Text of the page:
“Duet! Doooet! Doooet!”
The crowd thought it would be best if I stayed onstage. About five people approached, tugging Barry toward the stage. He still wore his white lab coat. At least he wasn’t wearing a stethoscope. That would have been too much. Now, I could really smell him, and he didn’t smell too good. Someone held a selection of songs up to me, and I put my bill on “Reunited”. I probably left a scratch in the laminate.
Barry had seen me by then, and didn’t want to sing. He wasn’t kidding. He was very scared of karaoke this time. They rolled him onto the stage with me, and he stood. The introductory music began. I looked at him, and said- “hey.”
He had a wide-eyed, sheepish look for me. Singing he was not. So, I had to begin the show. Barry was able to pick up on the duet, and, although there was some tightness to it, there was also a bizarre element that the audience picked up on, and seemed to like. During the chorus, with every “Hey, hey” part, I sang close to him. Who knows what would happen now. Barry began to sing like something petrified otherwise, and would sometimes have to stop due to coughing fits. We both were so excited. I looked out into the crowd, and, back in the lounge, just saw a row of double teeth smiling. If not a mega gar, they were the teeth of a frankenduck. There was a pulse, a change in the crowd. They pressed forward, and Barry began to break out in spots. The crowd loved it. Well, perhaps not the rash, but the performance overall. I turned at the next chorus to give him another dose of mucus, or dander or whatever he was exposed to through me, and saw that the spots had become larger; pink and purple, and about ten centimeters wide. Like in an old cartoon. My work there was done. I flew off the stage to the lounge, and as I took off, people looked up and clapped. Few ducks experience that.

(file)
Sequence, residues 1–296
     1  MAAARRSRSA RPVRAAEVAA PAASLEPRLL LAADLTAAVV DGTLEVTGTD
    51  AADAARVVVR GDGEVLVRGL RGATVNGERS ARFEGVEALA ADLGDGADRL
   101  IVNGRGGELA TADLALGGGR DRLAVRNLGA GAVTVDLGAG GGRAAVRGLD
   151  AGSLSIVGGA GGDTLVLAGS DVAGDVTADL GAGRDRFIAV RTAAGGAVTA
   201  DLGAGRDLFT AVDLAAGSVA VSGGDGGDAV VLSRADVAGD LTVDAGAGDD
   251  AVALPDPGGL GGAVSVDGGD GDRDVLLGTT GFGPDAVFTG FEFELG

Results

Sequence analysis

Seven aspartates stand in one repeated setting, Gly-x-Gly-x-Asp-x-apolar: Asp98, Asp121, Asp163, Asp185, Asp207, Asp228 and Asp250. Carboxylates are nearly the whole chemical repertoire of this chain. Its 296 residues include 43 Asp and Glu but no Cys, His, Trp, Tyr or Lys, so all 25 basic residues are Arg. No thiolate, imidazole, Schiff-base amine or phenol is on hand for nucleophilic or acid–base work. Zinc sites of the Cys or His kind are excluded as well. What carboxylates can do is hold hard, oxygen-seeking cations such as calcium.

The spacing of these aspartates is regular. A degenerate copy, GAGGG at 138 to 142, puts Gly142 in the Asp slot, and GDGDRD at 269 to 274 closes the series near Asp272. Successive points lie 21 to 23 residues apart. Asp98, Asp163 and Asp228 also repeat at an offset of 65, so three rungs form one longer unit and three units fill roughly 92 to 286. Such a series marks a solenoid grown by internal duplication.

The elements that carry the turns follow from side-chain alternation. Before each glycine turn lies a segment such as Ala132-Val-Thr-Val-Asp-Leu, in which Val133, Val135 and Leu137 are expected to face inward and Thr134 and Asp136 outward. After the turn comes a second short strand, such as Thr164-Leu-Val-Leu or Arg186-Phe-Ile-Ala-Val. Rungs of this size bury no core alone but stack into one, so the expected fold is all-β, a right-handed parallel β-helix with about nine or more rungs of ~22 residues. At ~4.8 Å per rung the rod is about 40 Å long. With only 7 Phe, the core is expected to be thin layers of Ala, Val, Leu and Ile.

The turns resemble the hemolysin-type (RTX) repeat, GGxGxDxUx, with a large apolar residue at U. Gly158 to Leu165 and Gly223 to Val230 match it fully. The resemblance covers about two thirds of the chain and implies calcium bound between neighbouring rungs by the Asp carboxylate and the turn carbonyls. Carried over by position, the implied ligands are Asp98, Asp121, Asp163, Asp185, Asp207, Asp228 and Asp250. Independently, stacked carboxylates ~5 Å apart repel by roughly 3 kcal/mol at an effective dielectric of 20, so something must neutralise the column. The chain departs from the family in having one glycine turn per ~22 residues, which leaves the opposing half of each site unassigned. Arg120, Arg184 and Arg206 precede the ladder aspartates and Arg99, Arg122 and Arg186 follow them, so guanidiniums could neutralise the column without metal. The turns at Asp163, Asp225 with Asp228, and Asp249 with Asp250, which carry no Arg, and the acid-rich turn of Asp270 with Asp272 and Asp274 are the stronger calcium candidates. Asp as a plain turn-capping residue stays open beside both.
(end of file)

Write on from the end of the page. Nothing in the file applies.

Francesca was standing on a stool at a table with a few women who stopped their own conversation for us. I hopped up on a stool next to hers. It felt like I floated there. She had armadillo feathers, like me, but to me, each was radiant. And she had the most intriguing bill. Then, I looked down, and found peanuts in a bowl on the table.
“Where did you get the peanuts!”
“They’re at every table!” she said.
I downed a few. When she had opened her mouth to speak, her fangs were like pearls. But there are other things in life. One of the others at the table mentioned that Francesca couldn’t keep her bill off the peanuts.
“How did you get out of the lab?”
“There was a raid after you did the thing with the skylight. They took me to an animal shelter, but I convinced them that I’m wild. I could’ve gotten out by myself, you know… Did you find Barry?”
“I was right next to him onstage!”
“Oh. I was just watching you sing. How’s he doin’?”
“When I left, he wasn’t lookin’ so good. Did you find him.”
“I did. But he’s not the one from the lab I’m looking for, and I’m not sure if I’m looking anymore anyway.”
She said goodbye to her friends, (she’d made many human friends while all I did was do the ‘solitary duck’ thing, sniffing around for Barry) and we hopped off our stools. We walked along the bar, making our way to the exit.
“I was singing right next to Barry. He was turning pink and purple, and you didn’t see him…”
“It wasn’t important.”
She lowered her head as we walked, and looked intent at the door. A group nearby scatted Mendelssohn’s Wedding March.
She chuckled at that, and said, “Not so fast…” She pushed open the door, and I followed.
We paused before waddling down the sidewalk together.
“I’m in no rush.”
“Well, good,” she said. “That’s the way we are, being frankenducks.”
“But,” I asked her, “have you ever had a salted nut roll?”